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8 Bodies is Enough

By´╝ÜStephanie Bond

Chapter 1





“LADIES AND GENTLEMEN, the travel time from Atlanta, Georgia, to Las Vegas, Nevada, is approximately four hours, thirty minutes. We should arrive around 7:00 p.m., local time. Please sit back and enjoy the flight.”

Carlotta Wren distantly registered the flight attendant’s effervescent voice. For the past few days leading up to her trip to Vegas with Peter Ashford, her mind had been running on a loop, stubbornly replaying her last conversation with Jack Terry. She’d called to tell him she had news about where her fugitive parents had been hiding, but he had preempted her report with a personal declaration.

Liz Fischer is pregnant.

I’ve known for a while, Jack. But good news—Wes isn’t the father after all.

I know…because I’m the father.

She had disconnected the call. On the heels of acknowledging to herself she loved Jack, the announcement had been especially hurtful, slamming a door on the future she had imagined with him. Their last night together was still fresh in her mind—she could still feel his hands on her body. And hadn’t he nearly professed his love for her then, too?

For all she knew, he’d whispered the same words to Liz when they’d been procreating.

“You’re thinking about him, aren’t you?” Peter asked, breaking into her thoughts.

Carlotta startled guiltily, then turned her head toward her companion. “Hm?”

“You’re thinking about Randolph, aren’t you?”

“Um…yes.” The other man who’d been taking up space in her head lately—her father.

Peter clasped her hand. “Don’t worry. He’s not going anywhere this time—the feds will see to that.”

Indeed, Randolph was cooling his heels in the federal penitentiary in Atlanta after appearing out of nowhere to save her from a madman and being taken into custody by Jack.

Except she’d finally figured out he hadn’t appeared out of thin air, but from the long-empty house where she and Wesley had grown up and where Randolph had been monitoring a listening device he’d apparently placed in the wall of their townhome before he’d skipped town.

“Forget about your parents for a few days,” Peter said. “Let’s try to have fun.”

She conjured up a smile, fighting the shame rising in her chest. Peter had no idea she had an ulterior motive for suggesting the trip. In the thirty-second encounter she’d had with her father when she and Hannah had wormed their way into the federal pen in disguise and she’d asked about her mother, he’d told her she’d find what she was looking for at “home.” And among his things in her childhood home where he’d been hiding out, she’d found a receipt for a post office box in Las Vegas. The real estate agent she’d contacted about the house had recently sold it to a Bill and Melanie Randolph. She’d only dealt with the husband but the wife was supposed to be joining him. When pressed for an address, the agent had become suspicious, would only confirm it was a post office box in Las Vegas.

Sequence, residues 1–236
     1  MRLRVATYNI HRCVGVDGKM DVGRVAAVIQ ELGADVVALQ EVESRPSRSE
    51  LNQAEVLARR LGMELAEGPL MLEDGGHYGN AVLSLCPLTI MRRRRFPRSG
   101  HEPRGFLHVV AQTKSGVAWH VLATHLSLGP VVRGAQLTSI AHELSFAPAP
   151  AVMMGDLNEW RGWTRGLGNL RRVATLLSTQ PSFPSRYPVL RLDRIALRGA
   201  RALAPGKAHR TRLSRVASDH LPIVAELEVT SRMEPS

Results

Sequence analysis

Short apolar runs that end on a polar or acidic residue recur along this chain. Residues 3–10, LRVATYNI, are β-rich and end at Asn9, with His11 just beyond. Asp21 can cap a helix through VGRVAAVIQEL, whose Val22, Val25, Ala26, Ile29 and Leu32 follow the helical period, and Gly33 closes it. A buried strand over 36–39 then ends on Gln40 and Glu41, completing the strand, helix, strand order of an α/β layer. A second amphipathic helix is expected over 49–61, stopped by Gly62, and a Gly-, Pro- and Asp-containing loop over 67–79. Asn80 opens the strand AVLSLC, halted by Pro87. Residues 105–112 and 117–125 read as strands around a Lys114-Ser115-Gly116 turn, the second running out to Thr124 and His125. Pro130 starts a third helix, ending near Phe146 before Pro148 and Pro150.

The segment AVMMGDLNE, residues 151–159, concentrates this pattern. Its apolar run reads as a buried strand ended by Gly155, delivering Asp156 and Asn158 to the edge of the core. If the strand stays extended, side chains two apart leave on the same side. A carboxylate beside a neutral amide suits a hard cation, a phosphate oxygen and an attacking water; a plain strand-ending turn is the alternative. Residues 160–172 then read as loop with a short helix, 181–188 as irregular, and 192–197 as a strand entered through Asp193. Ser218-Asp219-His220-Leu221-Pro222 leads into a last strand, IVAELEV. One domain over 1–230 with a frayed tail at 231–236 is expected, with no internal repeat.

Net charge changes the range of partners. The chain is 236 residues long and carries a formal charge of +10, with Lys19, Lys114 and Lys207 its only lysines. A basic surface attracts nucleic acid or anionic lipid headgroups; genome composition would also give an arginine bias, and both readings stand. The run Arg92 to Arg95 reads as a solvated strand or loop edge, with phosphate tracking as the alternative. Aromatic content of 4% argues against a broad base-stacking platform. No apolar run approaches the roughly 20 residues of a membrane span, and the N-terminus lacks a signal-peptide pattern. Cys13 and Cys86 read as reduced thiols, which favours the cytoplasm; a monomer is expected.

So if Carlotta had put together the puzzle pieces correctly, Valerie was somewhere in Vegas waiting for word from Randolph to rejoin him in Atlanta. When she hadn’t heard from him, it would’ve taken a simple Google search to learn he’d been arrested and incarcerated. She was probably trying to figure out her next move.

Carlotta prayed she found her mother before she relocated. Randolph had also said he’d stashed evidence to exonerate himself, but he couldn’t come forward yet. She’d gone over the expansive Buckhead house systematically, but had found nothing of interest other than the receipt. Not knowing what she was looking for was a huge handicap, but it stood to reason he’d left the evidence in a safer place—with Valerie? Hannah had helped her conduct hundreds of dollars’ worth of paid people-searches online, but they’d yielded no Vegas address for a Bill or William or Melanie Randolph.

The post office box was all she had to go on.

“When is Wes coming out?” Peter asked.

“I’m not sure—he had to clear it with his probation officer and his boss at the city. It’s nice of you to let him use the extra room that came with the package.”

“Happy to. So he’s still doing community service?”

“Yes,” she murmured. She made a mental note to ask Wes if he was close to fulfilling his sentence for hacking into the city courthouse records. That incident seemed so long ago—and paled in comparison to some of Wes’s antics since.

“And he’s still working for the morgue?”

“Occasionally. Coop hasn’t called him as much lately.”

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